Managing people-A A +A
Wednesday, September 25, 2013
QUEZON CITY -- It takes a lot of courage to understand what human resources development means in order to be able to get into the groove of its system and find its fit in an organization. This is what I found out, or better, what I learned, when I joined BENECO and was given the task of handling its human resources management and development department.
As a lawyer, I thought knowledge of labor laws and understanding job qualifications were enough. I was wrong. Beyond recruitment, compensation, human relations and good retirement package is a gamut of measures needed to be geared up to achieve desired institutional goals and performance. Now, the plate for human resources has made usual the tales for hiring and firing of employees and opened spaces for concepts like psychological contracting, succession management, the rule of the fit, career pathing and all that is there that has unmade human resources a stale field into an exciting and sweet science.
For people like me whose jump into human resources analysis was sudden, the transition was worth the challenge. The review alone of the structure of an organization that employs more than 300 people was tasking. The linking of the functions of seven departments was all the more tedious. Believe me, the job required more than the usual research of the latest Supreme Court decisions on labor management relations.
It was one hell of a learning curve I could not resist. And thanks to management, it has always considered human resources and its development as one vital cog of its company machine to fulfill its mandate of bringing electricity to the households.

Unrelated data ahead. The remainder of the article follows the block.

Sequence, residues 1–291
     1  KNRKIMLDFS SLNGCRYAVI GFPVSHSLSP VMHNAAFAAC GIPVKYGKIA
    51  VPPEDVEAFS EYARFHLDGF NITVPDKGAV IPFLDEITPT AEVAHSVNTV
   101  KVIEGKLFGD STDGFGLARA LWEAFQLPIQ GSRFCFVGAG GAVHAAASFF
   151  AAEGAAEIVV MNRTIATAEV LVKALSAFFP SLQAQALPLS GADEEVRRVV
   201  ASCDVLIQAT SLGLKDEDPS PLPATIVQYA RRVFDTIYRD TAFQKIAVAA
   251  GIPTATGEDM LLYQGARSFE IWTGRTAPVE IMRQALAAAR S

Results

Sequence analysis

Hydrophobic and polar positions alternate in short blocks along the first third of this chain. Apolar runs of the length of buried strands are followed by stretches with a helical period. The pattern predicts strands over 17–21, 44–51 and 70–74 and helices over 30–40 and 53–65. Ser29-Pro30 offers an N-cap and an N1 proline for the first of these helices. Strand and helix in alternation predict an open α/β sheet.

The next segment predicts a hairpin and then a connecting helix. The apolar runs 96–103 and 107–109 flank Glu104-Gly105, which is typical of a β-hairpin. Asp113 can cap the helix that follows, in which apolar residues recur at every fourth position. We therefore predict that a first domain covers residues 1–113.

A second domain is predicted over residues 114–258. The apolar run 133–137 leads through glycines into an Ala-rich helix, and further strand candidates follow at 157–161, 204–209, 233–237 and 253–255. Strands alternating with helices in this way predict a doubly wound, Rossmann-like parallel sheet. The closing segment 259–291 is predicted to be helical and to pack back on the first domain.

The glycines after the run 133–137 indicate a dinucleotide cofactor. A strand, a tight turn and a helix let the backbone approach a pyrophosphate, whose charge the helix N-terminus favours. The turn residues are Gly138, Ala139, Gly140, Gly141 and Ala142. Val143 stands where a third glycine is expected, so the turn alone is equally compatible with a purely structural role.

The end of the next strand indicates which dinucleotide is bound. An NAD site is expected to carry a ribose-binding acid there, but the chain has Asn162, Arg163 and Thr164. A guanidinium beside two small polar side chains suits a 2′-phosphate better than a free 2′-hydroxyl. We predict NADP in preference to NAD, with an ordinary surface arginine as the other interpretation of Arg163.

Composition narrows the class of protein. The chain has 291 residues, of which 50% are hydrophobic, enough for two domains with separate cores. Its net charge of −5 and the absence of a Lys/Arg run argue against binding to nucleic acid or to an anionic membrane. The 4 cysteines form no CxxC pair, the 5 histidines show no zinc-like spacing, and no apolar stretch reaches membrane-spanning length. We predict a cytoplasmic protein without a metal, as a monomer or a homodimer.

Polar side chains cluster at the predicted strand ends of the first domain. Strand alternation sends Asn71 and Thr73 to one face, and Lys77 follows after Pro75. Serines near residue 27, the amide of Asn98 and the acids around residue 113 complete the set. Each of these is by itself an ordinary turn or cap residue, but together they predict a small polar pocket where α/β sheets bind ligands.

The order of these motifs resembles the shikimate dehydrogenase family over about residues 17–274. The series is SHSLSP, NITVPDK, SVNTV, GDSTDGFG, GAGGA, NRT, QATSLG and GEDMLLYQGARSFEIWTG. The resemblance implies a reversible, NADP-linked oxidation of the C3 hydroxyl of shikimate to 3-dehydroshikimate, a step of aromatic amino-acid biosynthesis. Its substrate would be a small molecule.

I rue the fact I could not attend this year’s annual convention of the People Management Association of the Phil. (PMAP) at the PICC. I saw the learning sessions in the program and they really are worth the tuition. The gathering proves that indeed, no company can live without due consideration to making wealthy its human resources.
The Recloser was lucky though to be in the company of general managers and department managers of other electric cooperatives in a three day workshop here at the NEA headquarters for a three day course on succession management. It was worth the time. The inputs of the provider, Ateneo Center for Organization, Research and Development, gave me insights on how to manage people and their ambitions, conditioned by their ratings and individual skills. Now, I fully understand where AIlene Alafag, the performance management officer of the electric cooperative, would come from whenever she unfolds those performance assessment sheets and connect them with a TNA, or training needs analysis. The lady is a driver.
What makes working in an electric cooperative exciting is that it’s being an electric cooperative itself. It’s not a simple department store or a company of canned goods. Let me say it again -- the business of electric distribution is highly technical, financially demanding and extremely regulated. For a non-electric engineer like me who have to deal with engineers and accountants and people whose primary concern is to put on the lights, the task of managing is daunting.
I am still learning. I am still feeling my way into human resources management. I hope I started right and will progress right. I hope I will have what it takes to take the job done. The keys, I believe, are the following -- Love your work. Understand the context of one’s assignment in relation to industry you are connected with. Aim high. Laugh loud and boisterous. Clean up the desk at the end of the day. And drink beer or watch movies once in a while.
Published in the Sun.Star Baguio newspaper on September 26, 2013.